TV news talent coaching, is taking on a whole new look!
The other day, after I wrapped up a successful talent coaching session with a client in Kentucky, I sat back, in my Ohio home, and it hit me. This works! Why did it take me so many talent coaching clients to realize this?
In most of my sessions with her, there are plenty of “ah-ha” moments, actually, for both of us. We review her latest reporting and anchoring work. I have her re-write, read, and re-read script to figure out what kind of adjustments she can make to be more personable and relatable, yet, more credible. Some are significant, some are “nit-picky.” We hit up the importance of pause, pace, pitch, demonstrative stand-ups, all the basics and then some. A one-hour session flies by. She soaks it all in and makes it clear she’s excited to implement, or try out the “adjustments” ASAP. When she started with me she was in a MUCH smaller market. We made big progress in a short amount of time. She’s like most of my clients: eager, talented, and ambitious. That makes them super “coachable.” I’m incredibly proud of her.
I’m proud of all my clients and heartened by how far they’ve come.
It’s great to see how much they put into their work and how much they truly care about doing their best. (It’s the same way I feel about seeing my college journalism students excel.) Exactly the way it should be. Exactly the way it can be with every novice and intermediate TV journalist. Having a talent coach on their side, with the experience and insight to show them the way can make all the difference.
To be honest, after coaching in-person, I wasn’t sure how online, or “virtual” talent coaching would work. I gave it a go more than a year ago. Turns out, it’s proving to be an outstanding alternative to the more expensive, more time-consuming, in-person, at the station, tight schedule, traditional TV news coaching. That’s the only way anyone knew how to do it–until now.
With “virtual” coaching there are no travel costs, no travel time, no problem if you need to reschedule last minute. All done in the comfort of your own home, for both client and coach. Sometimes in pajamas or sweats, early morning, late at night, sometimes with the pets or kids making a cameo appearance.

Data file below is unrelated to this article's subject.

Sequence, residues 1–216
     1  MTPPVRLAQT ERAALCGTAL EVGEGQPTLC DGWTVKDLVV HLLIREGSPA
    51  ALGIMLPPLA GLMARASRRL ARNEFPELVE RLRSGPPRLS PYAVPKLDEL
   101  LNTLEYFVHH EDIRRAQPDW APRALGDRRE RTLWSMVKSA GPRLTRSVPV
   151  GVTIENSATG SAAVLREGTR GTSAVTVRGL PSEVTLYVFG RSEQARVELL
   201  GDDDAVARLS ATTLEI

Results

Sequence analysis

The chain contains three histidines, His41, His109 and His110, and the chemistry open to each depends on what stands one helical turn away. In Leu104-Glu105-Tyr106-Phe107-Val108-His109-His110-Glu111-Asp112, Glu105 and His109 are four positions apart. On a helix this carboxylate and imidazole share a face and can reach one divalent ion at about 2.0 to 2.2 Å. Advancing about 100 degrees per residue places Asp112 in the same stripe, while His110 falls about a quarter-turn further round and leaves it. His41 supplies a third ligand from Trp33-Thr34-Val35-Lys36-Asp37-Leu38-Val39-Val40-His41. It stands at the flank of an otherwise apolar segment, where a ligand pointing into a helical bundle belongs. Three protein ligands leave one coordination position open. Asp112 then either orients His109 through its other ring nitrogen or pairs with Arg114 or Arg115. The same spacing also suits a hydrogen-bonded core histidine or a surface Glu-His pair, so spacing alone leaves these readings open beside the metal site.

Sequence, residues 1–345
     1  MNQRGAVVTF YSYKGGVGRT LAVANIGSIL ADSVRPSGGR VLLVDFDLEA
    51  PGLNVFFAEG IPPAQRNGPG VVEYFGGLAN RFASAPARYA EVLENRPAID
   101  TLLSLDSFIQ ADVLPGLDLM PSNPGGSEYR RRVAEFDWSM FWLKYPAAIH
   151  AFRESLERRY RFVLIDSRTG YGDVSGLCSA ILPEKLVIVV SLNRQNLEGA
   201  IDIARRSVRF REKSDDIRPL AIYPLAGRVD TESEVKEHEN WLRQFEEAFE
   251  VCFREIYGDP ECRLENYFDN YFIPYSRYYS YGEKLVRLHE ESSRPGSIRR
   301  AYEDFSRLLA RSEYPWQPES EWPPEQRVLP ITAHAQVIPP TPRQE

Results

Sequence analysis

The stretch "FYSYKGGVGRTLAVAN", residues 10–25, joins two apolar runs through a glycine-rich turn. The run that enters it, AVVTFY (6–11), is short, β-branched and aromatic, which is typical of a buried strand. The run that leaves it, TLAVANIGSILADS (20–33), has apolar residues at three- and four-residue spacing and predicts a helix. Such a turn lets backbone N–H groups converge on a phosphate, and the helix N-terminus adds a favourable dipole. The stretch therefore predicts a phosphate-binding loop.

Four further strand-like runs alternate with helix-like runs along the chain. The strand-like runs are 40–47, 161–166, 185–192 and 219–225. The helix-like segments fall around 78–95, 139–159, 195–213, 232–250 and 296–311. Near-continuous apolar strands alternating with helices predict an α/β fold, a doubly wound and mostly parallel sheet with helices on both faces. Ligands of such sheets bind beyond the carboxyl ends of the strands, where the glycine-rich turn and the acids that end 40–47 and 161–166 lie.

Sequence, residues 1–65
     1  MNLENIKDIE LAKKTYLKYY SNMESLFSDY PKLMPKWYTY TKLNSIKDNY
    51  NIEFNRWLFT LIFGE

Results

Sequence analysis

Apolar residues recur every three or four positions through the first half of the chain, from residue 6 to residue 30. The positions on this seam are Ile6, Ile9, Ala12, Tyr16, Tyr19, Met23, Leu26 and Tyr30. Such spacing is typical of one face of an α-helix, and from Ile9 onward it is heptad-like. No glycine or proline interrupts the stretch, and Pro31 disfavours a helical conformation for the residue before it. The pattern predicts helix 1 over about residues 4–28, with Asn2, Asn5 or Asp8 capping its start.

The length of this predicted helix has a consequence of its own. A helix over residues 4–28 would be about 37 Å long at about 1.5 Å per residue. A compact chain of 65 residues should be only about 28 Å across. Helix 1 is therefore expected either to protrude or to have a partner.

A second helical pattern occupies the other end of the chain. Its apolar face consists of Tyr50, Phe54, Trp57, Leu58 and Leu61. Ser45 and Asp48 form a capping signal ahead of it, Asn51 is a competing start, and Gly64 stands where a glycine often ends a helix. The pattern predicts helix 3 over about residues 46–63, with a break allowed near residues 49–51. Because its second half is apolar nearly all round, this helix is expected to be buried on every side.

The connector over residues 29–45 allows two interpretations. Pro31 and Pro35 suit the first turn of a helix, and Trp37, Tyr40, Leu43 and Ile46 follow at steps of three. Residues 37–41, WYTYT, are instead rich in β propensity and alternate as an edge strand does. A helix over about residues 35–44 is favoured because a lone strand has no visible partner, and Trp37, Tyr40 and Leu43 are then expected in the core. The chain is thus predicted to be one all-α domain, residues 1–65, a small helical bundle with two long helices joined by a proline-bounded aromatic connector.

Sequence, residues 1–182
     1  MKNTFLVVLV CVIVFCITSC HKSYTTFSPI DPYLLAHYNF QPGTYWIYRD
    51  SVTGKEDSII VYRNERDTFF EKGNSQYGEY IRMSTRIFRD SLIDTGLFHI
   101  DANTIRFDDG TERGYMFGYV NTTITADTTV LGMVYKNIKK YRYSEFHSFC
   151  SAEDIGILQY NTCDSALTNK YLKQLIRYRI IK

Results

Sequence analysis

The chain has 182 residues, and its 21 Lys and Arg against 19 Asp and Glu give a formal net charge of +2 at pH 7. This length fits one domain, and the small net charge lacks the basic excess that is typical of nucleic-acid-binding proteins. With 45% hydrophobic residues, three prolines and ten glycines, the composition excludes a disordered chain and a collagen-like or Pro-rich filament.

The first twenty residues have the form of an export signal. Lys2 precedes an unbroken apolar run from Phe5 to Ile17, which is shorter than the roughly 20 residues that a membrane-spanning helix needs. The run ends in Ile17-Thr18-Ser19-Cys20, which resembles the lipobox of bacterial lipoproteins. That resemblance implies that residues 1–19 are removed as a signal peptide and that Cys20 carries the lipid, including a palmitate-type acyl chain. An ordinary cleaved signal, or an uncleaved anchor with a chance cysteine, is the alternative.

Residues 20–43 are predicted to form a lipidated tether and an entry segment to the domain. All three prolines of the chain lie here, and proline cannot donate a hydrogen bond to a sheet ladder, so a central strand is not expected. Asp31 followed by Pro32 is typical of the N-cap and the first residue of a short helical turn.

Every client I’ve had comes back for more.
I am honored and grateful for that, but more so, it says a great deal about the effectiveness of the program. Sometimes clients sign up for more sessions immediately after they finished their first coaching package. Sometimes they reach out again months to years after they’ve moved on. They’re just looking for a quick critique or worried they’ve fallen into a rut and need some reassurance or guidance. Don’t we all need that once in a while, especially from someone who knows them and has empowering insight to share? There’s a trust and bonding that can develop between client and coach that rarely existed previously, at least not that I knew of in my 30 years in TV news.
Don’t get me wrong. I would be elated to meet and work with my “virtual” clients in person. There’s plenty to be said for that. But, considering the fact that if we couldn’t connect virtually, we might not have connected at all, “virtual” talent coaching is a gift for both sides. I’ll take it!
More options for stations, too.
In this day when budgets are tight and so much is changing, it seems fewer stations can make that commitment to a major “consulting” group. Typically, that’s where the talent coaching services came in. This sort of “boutique” option is perfect. It can be an arrangement where there’s a combination of “in-person” sessions, followed up with as many virtual sessions as they want, at a drastically discounted rate. Or it can be exclusively “virtual,” again, with a considerable cost savings, and the possibility of great results.
We’re in a time where “virtual” presentations, meetings, etc., have to be the new norm.
But that doesn’t have to mean compromise or set-back. “Virtual” talent coaching is already proving productive, progressive, efficient, and, again, enjoyable! What more can you ask for in regards to helping today’s TV talent be the best they can be? When young broadcast journalists cannot receive the support and guidance they need because there aren’t as many news veterans to mentor them, or the resources for traditional training are not there, a business built on integrity, is inevitably going to suffer. It could mean irreparable damage.
Online talent coaching is the future for TV news operations, as well as for individual talent determined to take their “game” to the next level. It doesn’t take Covid-19 “social distancing” practices to confirm that for me and my clients. Maybe, though, this new dependence on “virtual” everything will show those committed to the quality of their TV news craft, and the business, altogether, a new way to “raise the bar.”